annatime

an attempt to spend some time on me

Textures on a Laneway

with 2 comments

Autumn, and particularly October is one of my favourite times of the year. Despite the days getting shorter and the inevitable wind back of the clocks, it is filled with colour and the feeling of rustling leaves underfoot.

There was a 30 minute window of opportunity today that I could have used to do one of a thousand other things I should have done, but instead I took my camera for a walk. It was going to just be a walk, but I couldn’t pass by the colours and shapes of rosehips in the hedgerows without going back for my old friend, Olympus E420. I also took a colander with me for the blackberries…

Lorcan and Cormac demolished the contents of the colander when they came home from school. Here’s the contents of the camera!

This slideshow requires JavaScript.

 

By Seamus Heaney 1939–2013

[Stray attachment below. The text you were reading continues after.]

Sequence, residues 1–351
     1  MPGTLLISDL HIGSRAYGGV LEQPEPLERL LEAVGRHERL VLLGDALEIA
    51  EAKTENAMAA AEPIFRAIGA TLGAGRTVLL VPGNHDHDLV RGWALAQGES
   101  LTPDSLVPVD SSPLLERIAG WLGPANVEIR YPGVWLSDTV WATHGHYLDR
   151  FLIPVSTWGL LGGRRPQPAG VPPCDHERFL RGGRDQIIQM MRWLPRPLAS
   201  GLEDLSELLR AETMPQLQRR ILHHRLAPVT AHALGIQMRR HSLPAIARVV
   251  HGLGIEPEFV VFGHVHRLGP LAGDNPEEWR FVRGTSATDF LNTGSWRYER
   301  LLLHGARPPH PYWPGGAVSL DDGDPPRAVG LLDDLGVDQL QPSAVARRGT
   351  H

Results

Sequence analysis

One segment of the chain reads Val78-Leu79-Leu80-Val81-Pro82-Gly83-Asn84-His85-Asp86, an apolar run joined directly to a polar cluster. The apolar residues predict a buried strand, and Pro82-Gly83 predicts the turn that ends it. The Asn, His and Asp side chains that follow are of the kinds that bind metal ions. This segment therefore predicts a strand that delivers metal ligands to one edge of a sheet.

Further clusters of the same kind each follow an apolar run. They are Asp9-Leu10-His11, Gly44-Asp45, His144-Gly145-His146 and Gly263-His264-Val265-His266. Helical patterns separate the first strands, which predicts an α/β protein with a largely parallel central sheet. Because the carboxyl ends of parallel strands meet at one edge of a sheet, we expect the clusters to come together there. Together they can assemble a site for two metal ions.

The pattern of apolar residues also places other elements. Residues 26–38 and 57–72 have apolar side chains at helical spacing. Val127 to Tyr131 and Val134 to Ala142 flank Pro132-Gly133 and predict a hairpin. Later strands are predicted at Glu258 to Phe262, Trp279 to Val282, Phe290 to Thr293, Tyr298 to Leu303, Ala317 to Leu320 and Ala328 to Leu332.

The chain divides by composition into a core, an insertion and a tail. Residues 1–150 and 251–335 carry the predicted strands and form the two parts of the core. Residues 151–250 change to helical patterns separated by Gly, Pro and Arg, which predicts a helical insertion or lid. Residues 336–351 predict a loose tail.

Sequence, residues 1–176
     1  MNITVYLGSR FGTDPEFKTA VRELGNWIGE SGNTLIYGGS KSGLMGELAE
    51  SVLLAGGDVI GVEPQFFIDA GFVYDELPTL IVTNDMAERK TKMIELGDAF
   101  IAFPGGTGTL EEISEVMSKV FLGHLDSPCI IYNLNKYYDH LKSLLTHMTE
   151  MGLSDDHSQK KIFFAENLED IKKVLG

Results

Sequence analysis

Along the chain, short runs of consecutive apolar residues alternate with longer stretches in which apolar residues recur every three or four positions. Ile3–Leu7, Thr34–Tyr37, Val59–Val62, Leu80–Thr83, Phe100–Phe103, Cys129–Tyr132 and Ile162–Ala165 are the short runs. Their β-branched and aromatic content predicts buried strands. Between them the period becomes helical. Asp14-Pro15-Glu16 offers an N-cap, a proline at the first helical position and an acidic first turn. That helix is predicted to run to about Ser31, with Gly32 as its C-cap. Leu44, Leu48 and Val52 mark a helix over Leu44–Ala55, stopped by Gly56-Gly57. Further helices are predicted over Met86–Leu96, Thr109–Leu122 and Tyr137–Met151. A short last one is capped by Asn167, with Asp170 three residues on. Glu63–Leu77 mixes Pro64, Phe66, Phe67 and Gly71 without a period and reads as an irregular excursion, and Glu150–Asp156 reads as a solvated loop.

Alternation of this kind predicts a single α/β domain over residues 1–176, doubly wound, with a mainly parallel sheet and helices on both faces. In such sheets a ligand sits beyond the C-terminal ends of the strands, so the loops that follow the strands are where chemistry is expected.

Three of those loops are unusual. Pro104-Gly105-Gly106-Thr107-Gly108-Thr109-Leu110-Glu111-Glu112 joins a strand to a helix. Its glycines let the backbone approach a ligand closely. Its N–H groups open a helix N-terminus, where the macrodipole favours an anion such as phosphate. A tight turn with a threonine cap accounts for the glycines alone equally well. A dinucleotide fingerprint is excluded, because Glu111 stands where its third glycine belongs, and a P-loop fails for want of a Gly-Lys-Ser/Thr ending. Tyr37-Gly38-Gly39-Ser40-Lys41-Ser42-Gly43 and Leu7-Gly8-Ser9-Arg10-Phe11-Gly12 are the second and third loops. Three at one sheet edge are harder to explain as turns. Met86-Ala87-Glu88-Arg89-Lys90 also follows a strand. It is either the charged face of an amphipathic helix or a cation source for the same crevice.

for Philip Hobsbaum

Late August, given heavy rain and sun
For a full week, the blackberries would ripen.
At first, just one, a glossy purple clot
Among others, red, green, hard as a knot.
You ate that first one and its flesh was sweet
Like thickened wine: summer’s blood was in it
Leaving stains upon the tongue and lust for
Picking. Then red ones inked up and that hunger
Sent us out with milk cans, pea tins, jam-pots
Where briars scratched and wet grass bleached our boots.
Round hayfields, cornfields and potato-drills
We trekked and picked until the cans were full,
Until the tinkling bottom had been covered
With green ones, and on top big dark blobs burned
Like a plate of eyes. Our hands were peppered
With thorn pricks, our palms sticky as Bluebeard’s.
We hoarded the fresh berries in the byre.
But when the bath was filled we found a fur,
A rat-grey fungus, glutting on our cache.
The juice was stinking too. Once off the bush
The fruit fermented, the sweet flesh would turn sour.
I always felt like crying. It wasn’t fair
That all the lovely canfuls smelt of rot.
Each year I hoped they’d keep, knew they would not.
Advertisements

Written by Anna

October 24, 2015 at 1:02 am

Posted in Uncategorized

Vibrant Steel

leave a comment »

It’s not always easy to stay positive and upbeat, but it is without a doubt one of my strongest coping mechanisms. I firmly believe that if I didn’t try and find the silver lining to a situation, I would have given up long ago.